The main section or theme (known as “A”) alternates with contrasting themes (you will hear these called various names such as “episodes”, “couplets” or “digressions”). These contrasting themes are labelled B, C, D, etc.. So, a typical Rondo Form structure looks like:
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Each new section contrasts in some way to what has gone before it. You will find that most composers writing a Rondo Form piece will use changes in melody, key and harmony to contrast the different sections.
It is quite similar to Theme and Variations form except for the fact that Section A returns each time in Rondo Form, but does not return in Theme and Variations Form.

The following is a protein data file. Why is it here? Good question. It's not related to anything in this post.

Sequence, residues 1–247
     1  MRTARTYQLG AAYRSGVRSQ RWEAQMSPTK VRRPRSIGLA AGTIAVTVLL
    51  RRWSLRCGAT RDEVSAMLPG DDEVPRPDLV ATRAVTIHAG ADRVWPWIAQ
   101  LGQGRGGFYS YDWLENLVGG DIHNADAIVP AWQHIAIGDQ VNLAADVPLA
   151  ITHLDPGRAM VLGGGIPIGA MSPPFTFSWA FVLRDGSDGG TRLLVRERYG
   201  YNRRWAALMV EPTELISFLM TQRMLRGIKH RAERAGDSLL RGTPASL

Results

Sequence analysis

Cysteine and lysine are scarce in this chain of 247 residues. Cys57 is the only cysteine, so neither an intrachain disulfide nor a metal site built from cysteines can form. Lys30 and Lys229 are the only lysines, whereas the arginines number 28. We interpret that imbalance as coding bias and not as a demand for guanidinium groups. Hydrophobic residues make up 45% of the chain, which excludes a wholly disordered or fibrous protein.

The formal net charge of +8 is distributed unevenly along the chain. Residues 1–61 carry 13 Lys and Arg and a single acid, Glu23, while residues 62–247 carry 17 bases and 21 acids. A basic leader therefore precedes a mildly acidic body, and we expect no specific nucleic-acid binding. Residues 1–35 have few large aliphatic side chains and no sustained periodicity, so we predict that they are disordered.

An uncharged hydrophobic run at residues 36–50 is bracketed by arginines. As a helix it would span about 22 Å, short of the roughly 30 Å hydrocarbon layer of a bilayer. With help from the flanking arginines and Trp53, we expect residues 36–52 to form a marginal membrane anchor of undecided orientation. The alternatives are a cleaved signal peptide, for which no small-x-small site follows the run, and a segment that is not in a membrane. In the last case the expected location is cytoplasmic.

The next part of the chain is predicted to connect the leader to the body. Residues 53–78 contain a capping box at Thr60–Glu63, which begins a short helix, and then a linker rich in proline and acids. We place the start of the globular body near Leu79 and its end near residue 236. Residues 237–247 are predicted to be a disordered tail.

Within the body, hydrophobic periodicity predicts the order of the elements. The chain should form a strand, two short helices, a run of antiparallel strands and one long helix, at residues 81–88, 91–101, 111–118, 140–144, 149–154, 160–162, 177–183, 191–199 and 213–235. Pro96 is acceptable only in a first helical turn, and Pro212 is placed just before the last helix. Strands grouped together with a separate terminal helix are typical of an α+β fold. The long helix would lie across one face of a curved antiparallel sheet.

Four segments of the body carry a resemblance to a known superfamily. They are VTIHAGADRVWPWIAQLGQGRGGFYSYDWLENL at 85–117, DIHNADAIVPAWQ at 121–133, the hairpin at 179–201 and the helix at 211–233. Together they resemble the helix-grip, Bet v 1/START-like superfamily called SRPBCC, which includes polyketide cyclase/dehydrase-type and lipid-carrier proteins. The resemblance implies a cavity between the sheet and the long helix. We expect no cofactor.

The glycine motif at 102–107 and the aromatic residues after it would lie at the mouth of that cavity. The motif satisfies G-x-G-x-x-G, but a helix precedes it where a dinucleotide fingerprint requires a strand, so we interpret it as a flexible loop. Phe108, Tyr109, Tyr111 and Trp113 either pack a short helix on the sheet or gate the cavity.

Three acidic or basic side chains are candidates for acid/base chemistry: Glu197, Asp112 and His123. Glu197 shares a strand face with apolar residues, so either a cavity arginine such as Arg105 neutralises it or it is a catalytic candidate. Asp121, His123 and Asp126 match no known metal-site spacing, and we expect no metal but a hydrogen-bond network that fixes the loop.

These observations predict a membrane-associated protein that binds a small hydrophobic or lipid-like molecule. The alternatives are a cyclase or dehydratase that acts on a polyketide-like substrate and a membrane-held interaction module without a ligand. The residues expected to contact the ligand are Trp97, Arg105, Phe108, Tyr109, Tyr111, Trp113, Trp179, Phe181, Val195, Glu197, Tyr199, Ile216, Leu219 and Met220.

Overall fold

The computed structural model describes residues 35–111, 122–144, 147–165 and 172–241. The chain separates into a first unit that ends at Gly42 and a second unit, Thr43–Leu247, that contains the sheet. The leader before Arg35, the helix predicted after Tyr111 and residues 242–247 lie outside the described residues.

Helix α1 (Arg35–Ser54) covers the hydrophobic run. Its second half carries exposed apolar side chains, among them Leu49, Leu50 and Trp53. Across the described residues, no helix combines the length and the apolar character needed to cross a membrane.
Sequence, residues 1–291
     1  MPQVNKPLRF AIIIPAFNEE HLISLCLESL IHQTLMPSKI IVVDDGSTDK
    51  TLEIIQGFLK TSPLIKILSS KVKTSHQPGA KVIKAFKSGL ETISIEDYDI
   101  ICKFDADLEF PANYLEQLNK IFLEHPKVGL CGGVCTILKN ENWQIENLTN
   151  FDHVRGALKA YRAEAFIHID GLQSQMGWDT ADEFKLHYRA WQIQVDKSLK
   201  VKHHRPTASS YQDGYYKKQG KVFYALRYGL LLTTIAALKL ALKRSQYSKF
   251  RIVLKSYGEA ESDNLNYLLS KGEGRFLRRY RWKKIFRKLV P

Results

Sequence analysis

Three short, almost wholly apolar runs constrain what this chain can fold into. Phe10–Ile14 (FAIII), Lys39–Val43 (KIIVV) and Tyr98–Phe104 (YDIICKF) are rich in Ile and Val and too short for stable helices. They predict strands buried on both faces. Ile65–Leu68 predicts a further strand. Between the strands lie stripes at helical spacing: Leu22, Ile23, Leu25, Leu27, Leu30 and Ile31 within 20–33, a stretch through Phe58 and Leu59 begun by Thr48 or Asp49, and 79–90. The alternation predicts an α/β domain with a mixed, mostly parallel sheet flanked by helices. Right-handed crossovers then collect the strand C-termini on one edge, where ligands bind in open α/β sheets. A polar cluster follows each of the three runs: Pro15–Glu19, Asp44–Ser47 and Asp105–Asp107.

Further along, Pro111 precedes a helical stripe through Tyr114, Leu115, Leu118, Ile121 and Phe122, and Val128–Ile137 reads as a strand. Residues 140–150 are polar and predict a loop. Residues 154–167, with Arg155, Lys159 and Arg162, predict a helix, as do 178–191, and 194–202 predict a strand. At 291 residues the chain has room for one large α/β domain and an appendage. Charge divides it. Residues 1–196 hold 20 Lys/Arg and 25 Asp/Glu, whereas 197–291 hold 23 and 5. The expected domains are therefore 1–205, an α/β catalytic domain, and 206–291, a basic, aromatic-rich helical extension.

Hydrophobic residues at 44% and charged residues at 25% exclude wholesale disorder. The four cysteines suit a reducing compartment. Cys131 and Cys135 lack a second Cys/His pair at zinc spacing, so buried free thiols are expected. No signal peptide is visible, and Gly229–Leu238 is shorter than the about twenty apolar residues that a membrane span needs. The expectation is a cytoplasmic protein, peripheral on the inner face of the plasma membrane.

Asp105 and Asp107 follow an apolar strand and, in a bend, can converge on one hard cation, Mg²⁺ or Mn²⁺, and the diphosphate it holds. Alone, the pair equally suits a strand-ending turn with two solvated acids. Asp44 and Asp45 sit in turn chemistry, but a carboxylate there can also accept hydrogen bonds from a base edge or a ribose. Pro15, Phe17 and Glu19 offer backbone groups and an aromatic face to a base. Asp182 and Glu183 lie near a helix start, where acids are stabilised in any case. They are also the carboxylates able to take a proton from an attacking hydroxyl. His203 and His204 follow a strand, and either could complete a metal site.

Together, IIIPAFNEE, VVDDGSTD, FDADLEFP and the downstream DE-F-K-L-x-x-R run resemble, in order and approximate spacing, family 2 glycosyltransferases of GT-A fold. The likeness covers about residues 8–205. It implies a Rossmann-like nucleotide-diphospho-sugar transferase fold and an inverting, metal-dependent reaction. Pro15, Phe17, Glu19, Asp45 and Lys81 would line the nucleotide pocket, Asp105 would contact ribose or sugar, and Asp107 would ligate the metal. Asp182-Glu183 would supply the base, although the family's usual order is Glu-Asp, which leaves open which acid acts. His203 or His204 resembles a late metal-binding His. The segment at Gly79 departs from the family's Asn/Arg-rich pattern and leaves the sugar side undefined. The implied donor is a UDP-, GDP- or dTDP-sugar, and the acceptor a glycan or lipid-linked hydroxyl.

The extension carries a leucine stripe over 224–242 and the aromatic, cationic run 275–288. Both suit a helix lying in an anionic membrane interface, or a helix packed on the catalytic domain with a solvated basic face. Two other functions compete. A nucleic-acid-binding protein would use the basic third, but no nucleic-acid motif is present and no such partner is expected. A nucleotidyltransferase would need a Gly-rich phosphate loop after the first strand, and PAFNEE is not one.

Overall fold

An Example of Rondo Form
Have a listen to this example of Mozart’s Rondo in D major K.311:
How To Compose Music in Rondo Form
Composing in Rondo form is great – it is something I am always encouraging people to do because it provides a solid and interesting structure to any piece of music.
The contrasting sections give a sense of variety to the piece, whilst the return A Section helps give the piece a sense of coherence and unity. It is a great way to develop your compositions beyond Binary Form and Ternary Form.